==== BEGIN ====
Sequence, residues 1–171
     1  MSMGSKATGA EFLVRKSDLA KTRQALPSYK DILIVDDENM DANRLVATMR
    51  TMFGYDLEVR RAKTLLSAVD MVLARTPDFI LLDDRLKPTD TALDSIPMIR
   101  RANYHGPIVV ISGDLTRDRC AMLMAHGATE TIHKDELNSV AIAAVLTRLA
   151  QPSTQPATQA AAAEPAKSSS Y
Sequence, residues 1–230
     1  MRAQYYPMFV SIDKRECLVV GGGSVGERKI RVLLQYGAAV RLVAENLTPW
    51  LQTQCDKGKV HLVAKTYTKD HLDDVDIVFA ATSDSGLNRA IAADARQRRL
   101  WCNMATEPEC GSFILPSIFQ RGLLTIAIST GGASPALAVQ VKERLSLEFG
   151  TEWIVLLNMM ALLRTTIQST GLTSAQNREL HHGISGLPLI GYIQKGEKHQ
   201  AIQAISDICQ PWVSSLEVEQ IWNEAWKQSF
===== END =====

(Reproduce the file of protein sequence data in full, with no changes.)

Sequence, residues 1–171
     1  MSMGSKATGA EFLVRKSDLA KTRQALPSYK DILIVDDENM DANRLVATMR
    51  TMFGYDLEVR RAKTLLSAVD MVLARTPDFI LLDDRLKPTD TALDSIPMIR
   101  RANYHGPIVV ISGDLTRDRC AMLMAHGATE TIHKDELNSV AIAAVLTRLA
   151  QPSTQPATQA AAAEPAKSSS Y
Sequence, residues 1–230
     1  MRAQYYPMFV SIDKRECLVV GGGSVGERKI RVLLQYGAAV RLVAENLTPW
    51  LQTQCDKGKV HLVAKTYTKD HLDDVDIVFA ATSDSGLNRA IAADARQRRL
   101  WCNMATEPEC GSFILPSIFQ RGLLTIAIST GGASPALAVQ VKERLSLEFG
   151  TEWIVLLNMM ALLRTTIQST GLTSAQNREL HHGISGLPLI GYIQKGEKHQ
   201  AIQAISDICQ PWVSSLEVEQ IWNEAWKQSF